The One-Way Pairs

There seems to be a lot of chatter lately about something called "DMC."  Something having to do with taxes, I guess.   Or new Adidas sneakers. 


But in reality, Destination Medical Center is moving forward at breakneck pace.  There are RFPs out for major (emphasis on major) consultant contracts to begin the process of planning and shaping the DMC initiative as well as future growth of downtown Rochester. 

Complementing (hopefully) those plans, are the requisite public infrastructure investments that will be necessary to support future expansion and growth of Mayo Clinic.  This has been repeated many times by politicians and Mayo Clinic officials; to set the stage for growth, certain public components need to be further developed and reinforced to properly support private investment.  And as the City of Rochester is the de facto bookkeeper on those public investments they need to begin rolling out projects.  All the while being mindful that the projects should always be in accord with the vision and spirit of DMC. 

So walk with us down this path and see how we might envision a large scale public project that would support the goal of a walkable and vibrant downtown and enable Mayo Clinic to recruit the best and brightest talent and become the premier global destination for health and healing.

Let's start with what we know:

  • The Rochester Downtown Master Plan was created and adopted by the city in 2010.  Within the document are myriad recommendations throughout downtown for open space, mobility, and private development.
  • The Mayo Clinic 5 Year Master Plan Update was most recently created and adopted in 2011.  Within that document are comprehensive outlines of all Rochester-wide Mayo Clinic facilities, land use, and infrastructure and what the future 5 years has in store for related projects (as required by their governing zoning ordinance).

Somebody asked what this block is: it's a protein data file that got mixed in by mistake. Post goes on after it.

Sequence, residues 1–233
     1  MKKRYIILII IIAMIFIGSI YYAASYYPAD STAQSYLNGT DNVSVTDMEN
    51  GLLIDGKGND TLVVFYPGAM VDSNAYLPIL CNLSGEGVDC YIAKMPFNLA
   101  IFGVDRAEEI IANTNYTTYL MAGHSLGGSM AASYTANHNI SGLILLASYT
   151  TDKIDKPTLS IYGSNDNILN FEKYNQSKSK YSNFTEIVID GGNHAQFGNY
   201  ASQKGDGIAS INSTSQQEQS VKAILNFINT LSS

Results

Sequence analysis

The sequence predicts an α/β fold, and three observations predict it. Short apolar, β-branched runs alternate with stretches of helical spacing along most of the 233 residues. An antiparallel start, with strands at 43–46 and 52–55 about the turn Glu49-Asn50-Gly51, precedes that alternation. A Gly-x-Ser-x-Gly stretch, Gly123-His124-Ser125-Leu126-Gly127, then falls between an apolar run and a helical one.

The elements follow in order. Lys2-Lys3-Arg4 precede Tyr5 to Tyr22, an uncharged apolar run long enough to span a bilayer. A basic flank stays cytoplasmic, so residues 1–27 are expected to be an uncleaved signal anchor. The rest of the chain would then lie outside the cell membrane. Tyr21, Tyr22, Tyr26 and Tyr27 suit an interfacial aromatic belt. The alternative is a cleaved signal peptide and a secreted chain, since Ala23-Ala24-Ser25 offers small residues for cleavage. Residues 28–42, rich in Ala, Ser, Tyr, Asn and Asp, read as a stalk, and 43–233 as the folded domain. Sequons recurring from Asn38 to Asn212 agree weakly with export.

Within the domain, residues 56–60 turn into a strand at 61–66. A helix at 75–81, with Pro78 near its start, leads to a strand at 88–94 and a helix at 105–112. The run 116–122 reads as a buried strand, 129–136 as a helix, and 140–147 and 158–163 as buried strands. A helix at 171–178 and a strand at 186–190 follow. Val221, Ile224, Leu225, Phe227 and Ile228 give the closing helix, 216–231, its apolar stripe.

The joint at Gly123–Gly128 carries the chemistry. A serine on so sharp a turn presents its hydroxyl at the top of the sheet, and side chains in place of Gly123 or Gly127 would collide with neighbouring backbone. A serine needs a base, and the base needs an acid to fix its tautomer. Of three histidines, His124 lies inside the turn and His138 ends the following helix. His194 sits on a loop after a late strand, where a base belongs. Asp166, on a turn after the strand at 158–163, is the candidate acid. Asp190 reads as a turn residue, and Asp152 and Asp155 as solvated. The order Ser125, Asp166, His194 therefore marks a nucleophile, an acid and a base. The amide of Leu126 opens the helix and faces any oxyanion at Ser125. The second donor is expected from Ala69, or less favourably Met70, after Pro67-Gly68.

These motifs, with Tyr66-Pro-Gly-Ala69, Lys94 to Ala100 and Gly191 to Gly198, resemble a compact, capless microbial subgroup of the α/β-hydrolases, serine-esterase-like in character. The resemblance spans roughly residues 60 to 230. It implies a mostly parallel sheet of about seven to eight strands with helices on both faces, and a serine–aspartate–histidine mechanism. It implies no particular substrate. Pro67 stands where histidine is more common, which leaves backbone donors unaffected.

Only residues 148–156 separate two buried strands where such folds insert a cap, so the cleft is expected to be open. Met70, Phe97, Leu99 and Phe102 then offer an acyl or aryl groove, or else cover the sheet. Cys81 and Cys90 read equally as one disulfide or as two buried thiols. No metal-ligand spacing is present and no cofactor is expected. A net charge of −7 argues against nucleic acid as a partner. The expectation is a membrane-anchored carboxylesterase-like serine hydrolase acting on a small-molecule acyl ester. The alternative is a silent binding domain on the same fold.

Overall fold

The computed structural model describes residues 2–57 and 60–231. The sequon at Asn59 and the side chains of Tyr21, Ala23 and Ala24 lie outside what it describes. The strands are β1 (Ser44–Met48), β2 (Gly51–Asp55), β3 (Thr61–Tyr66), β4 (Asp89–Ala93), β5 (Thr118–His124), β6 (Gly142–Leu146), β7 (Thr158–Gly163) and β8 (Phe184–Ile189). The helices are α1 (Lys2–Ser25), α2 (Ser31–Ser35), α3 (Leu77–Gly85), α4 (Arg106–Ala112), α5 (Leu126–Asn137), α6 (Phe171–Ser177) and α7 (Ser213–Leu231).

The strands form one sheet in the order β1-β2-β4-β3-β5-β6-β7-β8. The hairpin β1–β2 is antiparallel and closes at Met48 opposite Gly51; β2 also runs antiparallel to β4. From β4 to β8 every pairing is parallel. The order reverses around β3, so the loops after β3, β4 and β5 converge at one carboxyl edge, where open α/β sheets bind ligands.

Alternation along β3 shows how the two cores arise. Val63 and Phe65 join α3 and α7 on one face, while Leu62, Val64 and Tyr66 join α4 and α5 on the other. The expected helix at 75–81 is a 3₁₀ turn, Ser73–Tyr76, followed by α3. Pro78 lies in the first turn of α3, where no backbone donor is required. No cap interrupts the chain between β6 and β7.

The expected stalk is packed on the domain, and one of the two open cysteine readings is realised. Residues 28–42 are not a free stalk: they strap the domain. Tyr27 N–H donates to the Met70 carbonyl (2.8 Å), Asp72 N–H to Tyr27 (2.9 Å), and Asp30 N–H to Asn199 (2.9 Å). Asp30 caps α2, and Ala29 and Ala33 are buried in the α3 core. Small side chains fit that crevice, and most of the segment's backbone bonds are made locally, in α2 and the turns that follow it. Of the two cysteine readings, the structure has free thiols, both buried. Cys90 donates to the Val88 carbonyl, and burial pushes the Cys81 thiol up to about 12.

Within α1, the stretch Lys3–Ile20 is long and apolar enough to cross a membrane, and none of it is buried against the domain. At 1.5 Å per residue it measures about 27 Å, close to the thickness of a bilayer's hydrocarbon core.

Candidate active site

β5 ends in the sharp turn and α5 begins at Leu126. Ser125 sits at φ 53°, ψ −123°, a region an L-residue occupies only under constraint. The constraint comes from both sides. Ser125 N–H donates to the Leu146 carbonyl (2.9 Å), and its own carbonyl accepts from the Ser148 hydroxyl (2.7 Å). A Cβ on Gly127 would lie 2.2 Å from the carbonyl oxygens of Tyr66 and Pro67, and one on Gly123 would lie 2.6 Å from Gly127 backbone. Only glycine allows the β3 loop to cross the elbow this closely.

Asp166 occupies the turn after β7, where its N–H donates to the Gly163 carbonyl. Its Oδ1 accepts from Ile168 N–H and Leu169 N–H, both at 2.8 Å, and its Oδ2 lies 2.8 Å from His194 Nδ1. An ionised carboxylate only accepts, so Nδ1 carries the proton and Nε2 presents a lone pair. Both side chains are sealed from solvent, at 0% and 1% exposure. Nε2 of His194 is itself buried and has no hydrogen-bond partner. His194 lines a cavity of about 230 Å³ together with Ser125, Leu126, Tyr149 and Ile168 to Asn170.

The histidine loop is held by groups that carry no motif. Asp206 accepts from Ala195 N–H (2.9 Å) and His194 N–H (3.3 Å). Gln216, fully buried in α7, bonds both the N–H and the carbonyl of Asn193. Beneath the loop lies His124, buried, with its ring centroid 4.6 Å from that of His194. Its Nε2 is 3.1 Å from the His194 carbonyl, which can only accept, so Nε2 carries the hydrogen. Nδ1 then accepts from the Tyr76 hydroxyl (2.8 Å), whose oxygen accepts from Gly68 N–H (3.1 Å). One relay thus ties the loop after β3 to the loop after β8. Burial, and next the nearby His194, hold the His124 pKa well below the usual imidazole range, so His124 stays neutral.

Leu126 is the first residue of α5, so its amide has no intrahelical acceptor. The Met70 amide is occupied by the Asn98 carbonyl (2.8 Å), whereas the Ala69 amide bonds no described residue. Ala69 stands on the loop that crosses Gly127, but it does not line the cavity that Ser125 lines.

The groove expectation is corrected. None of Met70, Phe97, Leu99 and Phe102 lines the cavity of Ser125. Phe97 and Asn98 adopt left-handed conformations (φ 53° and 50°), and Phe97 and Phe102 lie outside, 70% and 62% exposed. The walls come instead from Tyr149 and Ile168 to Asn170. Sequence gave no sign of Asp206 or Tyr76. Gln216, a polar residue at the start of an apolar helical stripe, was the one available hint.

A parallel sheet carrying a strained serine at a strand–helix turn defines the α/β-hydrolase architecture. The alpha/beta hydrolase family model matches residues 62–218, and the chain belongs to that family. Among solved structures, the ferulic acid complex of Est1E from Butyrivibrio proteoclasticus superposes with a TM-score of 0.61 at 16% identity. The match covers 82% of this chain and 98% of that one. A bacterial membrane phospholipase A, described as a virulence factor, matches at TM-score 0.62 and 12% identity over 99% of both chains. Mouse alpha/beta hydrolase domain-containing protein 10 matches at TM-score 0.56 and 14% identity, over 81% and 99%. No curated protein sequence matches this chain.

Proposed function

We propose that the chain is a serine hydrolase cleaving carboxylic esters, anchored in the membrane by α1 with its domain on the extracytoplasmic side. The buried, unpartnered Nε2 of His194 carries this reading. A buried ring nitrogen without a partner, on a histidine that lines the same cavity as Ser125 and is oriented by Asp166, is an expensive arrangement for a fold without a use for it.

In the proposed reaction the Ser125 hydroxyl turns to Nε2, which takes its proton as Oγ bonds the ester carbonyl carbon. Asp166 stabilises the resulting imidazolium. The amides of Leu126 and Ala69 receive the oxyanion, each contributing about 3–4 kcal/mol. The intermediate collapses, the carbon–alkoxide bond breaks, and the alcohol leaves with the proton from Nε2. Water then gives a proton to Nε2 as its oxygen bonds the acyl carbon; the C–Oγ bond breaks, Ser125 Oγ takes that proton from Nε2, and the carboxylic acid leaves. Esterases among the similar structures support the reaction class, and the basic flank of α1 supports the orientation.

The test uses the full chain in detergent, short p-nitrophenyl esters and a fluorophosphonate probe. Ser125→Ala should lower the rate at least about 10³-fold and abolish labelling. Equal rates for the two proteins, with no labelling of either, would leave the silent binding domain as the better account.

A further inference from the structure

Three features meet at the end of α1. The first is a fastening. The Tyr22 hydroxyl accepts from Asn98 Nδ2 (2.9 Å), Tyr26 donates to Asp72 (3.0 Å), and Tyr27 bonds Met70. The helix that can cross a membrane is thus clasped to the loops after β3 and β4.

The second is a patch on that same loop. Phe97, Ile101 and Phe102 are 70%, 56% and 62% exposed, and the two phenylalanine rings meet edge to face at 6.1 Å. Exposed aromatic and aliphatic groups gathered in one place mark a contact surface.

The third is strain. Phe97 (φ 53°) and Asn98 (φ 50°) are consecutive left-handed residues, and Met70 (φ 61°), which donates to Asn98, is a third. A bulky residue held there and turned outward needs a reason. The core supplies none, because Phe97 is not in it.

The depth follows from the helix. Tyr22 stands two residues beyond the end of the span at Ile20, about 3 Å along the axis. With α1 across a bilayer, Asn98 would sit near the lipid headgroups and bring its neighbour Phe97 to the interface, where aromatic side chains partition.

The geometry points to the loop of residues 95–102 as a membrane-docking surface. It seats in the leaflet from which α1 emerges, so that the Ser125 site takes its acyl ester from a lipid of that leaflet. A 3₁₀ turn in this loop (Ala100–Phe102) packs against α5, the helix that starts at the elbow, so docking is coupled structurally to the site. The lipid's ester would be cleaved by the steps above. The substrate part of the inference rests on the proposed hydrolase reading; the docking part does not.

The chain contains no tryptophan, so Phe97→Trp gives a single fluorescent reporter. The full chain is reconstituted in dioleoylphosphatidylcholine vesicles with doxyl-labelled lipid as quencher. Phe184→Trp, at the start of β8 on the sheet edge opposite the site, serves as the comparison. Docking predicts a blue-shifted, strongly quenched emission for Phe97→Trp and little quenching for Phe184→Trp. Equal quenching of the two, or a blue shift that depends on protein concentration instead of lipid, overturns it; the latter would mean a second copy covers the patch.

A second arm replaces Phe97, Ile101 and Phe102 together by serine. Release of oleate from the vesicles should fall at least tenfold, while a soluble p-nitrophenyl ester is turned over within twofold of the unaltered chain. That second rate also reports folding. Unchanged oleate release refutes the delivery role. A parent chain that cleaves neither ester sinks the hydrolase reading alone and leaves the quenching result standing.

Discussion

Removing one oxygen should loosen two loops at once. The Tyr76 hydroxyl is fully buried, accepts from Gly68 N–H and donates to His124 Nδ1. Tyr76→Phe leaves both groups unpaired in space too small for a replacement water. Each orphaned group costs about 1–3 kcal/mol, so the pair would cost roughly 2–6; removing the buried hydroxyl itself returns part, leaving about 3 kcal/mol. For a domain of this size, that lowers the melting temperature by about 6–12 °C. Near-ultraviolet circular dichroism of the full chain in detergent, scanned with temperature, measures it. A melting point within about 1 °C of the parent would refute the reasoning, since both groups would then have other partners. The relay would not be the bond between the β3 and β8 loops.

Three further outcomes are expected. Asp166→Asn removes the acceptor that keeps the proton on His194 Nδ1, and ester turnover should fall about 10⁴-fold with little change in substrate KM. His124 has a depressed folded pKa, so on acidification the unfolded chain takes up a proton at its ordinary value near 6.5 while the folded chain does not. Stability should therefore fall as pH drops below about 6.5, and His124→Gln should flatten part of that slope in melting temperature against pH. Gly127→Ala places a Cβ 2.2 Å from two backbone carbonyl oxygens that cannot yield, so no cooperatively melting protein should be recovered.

• It is the stated goal of Destination Medical Center to provide the ideal patient, companion, visitor and citizen experience to become the world’s premier destination medical community.

Now where shall we begin?

How about we start with a vision that is widely agreed upon by the above referenced documents for a portion of Mayo Clinic's downtown campus.  In particular, the one-way streets of 3rd Avenue W and 4th Avenue W.  These pair of one-ways (3rd Avenue runs north, 4th Avenue runs south) are an anomaly in our downtown grid.  For some reason they create a block that is about half the width of the typical downtown block and facilitate traffic flow from Civic Center Drive to the north all the way to 6th Street SW.  North of 2nd Street SW, these one-way pairs book-end several multi-story parking garages and adjacent hotels.  South of 2nd Street SW the buildings are much older and vestiges of a land use pattern long since abandoned (evidenced by 2 blocks of single family detached houses).  It is this zone, between 2nd Street SW and Soldiers Field Park where we will focus our energy and see where major changes in the street landscape can foster the character of urban design displayed on the pages of both the RDMP and Mayo Clinic Master Plan.